Fluid Milk and Cream – Western U.S.
Report 13 – Released on March 28, 2019
In California, it has been raining a lot recently. Nonetheless, milk production hasn’t been
much affected. Milk output remains seasonally strong and manufacturing plants have the
capacity required to handle current milk supplies. As so, most of the milk is being
processed close to its production site. Plant facility managers do not foresee any issue
with milk handling during the spring flush. Milk sales to retailers are steady. In Arizona,
milk output is increasing. However, supplies are manageable within the state. Processing
plants are still running near full capacities. Bottled milk demand is back up for
supermarket sales now that the spring break is over. Overall, there is a good balance
between milk offerings and orders. Milk production is building seasonally in New Mexico, but
efficiency in routing milk volumes to the nearest processing facilities is helping handlers
save on freight costs. Milk volumes are in good equilibrium with sales. At most plants,
there remains plenty of room for additional milk handling if the need arises. Repair and
maintenance workloads are minor this week. Class I and III sales grew, but there was a
slight decrease in Class II demand. Pacific Northwest milk production continues to increase.
Favorable weather is providing good cow comfort after a stretch of tough winter weather last
month. Bottling demand is picking up as schools resume classes following spring break. There
is plenty of milk for manufacturers and many plants are operating at or near full capacity.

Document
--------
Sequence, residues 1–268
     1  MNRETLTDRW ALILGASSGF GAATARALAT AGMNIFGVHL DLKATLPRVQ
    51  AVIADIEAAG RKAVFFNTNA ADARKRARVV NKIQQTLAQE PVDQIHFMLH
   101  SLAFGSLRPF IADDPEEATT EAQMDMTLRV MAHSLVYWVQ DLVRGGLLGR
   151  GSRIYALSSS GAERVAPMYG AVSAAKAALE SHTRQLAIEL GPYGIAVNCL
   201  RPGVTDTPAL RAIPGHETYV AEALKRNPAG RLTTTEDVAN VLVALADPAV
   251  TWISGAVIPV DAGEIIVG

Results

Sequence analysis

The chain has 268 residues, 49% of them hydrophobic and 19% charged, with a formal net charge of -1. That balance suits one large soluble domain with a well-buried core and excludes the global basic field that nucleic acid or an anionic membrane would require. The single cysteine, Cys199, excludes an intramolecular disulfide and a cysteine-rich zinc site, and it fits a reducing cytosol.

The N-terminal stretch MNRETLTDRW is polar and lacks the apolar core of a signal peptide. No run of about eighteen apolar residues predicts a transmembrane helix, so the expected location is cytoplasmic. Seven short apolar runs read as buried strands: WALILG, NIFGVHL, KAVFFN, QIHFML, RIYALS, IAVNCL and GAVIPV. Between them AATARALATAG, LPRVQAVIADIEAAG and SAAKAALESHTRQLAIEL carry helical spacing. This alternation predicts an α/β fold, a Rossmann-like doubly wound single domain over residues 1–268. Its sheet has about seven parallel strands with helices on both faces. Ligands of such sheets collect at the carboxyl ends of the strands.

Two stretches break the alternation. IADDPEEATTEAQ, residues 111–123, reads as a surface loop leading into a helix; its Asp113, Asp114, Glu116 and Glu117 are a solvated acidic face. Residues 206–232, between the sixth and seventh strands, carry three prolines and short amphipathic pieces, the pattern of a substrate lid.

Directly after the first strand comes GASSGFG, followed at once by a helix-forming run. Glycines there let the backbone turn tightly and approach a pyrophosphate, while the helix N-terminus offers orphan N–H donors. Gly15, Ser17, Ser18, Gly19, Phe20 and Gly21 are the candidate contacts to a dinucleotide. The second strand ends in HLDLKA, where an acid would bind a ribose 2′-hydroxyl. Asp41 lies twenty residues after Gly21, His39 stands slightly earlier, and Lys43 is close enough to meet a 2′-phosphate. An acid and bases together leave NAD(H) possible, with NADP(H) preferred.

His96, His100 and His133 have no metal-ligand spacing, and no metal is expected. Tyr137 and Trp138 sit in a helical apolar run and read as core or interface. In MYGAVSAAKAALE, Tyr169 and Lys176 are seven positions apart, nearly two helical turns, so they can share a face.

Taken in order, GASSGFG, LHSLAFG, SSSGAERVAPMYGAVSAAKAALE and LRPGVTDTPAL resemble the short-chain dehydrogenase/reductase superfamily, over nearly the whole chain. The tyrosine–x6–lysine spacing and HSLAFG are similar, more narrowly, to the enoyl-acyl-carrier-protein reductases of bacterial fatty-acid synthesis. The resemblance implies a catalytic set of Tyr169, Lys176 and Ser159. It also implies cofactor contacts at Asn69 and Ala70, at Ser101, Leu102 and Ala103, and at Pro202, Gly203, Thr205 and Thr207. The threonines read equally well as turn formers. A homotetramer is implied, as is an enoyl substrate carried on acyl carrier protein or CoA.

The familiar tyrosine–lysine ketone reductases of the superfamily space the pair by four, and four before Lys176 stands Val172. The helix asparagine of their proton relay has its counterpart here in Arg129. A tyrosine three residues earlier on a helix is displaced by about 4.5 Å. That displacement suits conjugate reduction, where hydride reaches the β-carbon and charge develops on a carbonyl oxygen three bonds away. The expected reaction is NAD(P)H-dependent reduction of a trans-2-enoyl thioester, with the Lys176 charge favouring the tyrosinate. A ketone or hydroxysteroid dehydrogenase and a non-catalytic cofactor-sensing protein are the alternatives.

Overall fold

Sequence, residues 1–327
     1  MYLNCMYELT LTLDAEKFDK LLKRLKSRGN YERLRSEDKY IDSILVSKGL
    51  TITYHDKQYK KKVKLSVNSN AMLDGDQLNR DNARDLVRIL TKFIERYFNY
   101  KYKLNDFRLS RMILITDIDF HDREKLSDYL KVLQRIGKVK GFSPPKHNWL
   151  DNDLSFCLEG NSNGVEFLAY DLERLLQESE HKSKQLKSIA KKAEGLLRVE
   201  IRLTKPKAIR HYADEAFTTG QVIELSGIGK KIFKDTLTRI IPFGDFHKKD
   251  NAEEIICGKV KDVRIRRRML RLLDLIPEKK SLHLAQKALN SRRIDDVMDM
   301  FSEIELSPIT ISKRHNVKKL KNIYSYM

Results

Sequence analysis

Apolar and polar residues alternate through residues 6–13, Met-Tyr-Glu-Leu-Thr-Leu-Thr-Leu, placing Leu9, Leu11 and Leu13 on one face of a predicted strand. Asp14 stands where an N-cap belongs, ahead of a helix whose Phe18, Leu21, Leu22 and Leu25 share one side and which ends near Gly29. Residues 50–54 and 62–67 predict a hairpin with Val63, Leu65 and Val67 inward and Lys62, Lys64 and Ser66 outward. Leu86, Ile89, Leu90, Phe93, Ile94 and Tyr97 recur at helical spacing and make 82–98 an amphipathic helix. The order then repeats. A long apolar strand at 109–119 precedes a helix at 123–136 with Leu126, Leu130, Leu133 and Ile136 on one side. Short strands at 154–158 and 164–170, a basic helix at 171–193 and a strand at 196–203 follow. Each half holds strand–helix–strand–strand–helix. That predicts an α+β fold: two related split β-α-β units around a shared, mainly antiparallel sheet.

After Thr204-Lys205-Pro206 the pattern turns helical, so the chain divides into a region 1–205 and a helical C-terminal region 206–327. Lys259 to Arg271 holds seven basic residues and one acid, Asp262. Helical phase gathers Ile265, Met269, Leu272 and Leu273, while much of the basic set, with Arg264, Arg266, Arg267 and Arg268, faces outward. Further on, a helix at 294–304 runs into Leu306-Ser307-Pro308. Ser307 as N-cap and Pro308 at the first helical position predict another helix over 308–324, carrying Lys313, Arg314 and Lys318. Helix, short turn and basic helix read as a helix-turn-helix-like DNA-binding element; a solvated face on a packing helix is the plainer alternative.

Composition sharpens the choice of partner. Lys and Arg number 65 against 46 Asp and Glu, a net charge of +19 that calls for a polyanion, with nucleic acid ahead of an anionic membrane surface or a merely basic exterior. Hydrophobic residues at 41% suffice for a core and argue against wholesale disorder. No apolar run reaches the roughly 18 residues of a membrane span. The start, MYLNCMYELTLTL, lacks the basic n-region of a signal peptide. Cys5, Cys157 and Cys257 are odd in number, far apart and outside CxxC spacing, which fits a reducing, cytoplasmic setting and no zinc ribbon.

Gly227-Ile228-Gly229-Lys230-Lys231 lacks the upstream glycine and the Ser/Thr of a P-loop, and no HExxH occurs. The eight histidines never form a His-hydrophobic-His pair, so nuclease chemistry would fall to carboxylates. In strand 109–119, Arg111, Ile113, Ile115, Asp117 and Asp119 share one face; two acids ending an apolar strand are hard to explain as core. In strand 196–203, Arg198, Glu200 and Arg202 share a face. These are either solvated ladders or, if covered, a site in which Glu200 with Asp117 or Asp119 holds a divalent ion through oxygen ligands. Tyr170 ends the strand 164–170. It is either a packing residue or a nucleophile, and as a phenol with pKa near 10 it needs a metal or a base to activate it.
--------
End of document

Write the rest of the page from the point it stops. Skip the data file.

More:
Milk production in the mountain states of Idaho, Utah and Colorado is steady. Milk intakes
are mostly in balance with processing needs. However, a few industry contacts suggest there
are some spot loads of milk available at $3 under Class IV in Idaho, and some loads of milk
are shifting around the region to fill sales orders. Farmers are confident the snow pack in
the mountains will provide enough water for the upcoming cropping season. Western condensed
skim is in good supply. Drying is active. Nonetheless, less condensed skim is moving from
Arizona into California this week. This might explain why some industry participants stated
that condensed skim prices are a bit higher than what California buyers would like to pay.
There has been a little uptick on ice cream production schedules which in turn is drawing
some cream loads away from the churns. Cream is also moving to other Class II products for
the holiday. However, buyers are resistant to premium cream prices, but can’t seem to find
discounted sale prices. The cream market has tightened up a bit. Contacts say that some
cream customers are looking to contract cream for the next three months. Cream multiples for
all Classes are 1.06-1.20.
National Retail Report Dairy ± Fluid Milk Summary Advertised Prices at Major Retail Supermarket Outlets ending during the period of 3/22/2019 to 3/28/2019 Half Gallon, All Fat Tests Weighted Average Price National This Period Last Week Last Year Organic $4.35 $4.09 $4.71 Conventional $1.85 $2.29 $2.28 Regional (Conventional) Wtd. Ave. Low High Northwest $2.69 $2.69 $2.69 Southwest $0.98 $0.98 $0.98 Regional (Organic) Wtd. Ave. Low High Northwest $4.29 $4.29 $4.29 Southwest $4.38 $3.99 $4.99 Gallon, All Fat Tests Weighted Average Price National This Period Last Week Last Year Organic $6.62 n.a. $6.50 Conventional $2.88 $2.81 $2.44 Regional (Conventional) Wtd. Ave. Low High Northwest $1.99 $1.99 $1.99 Southwest $2.59 $2.59 $2.59 Western U.S., F.O.B. Cream Multiples Range - All Classes: 1.0600 - 1.2000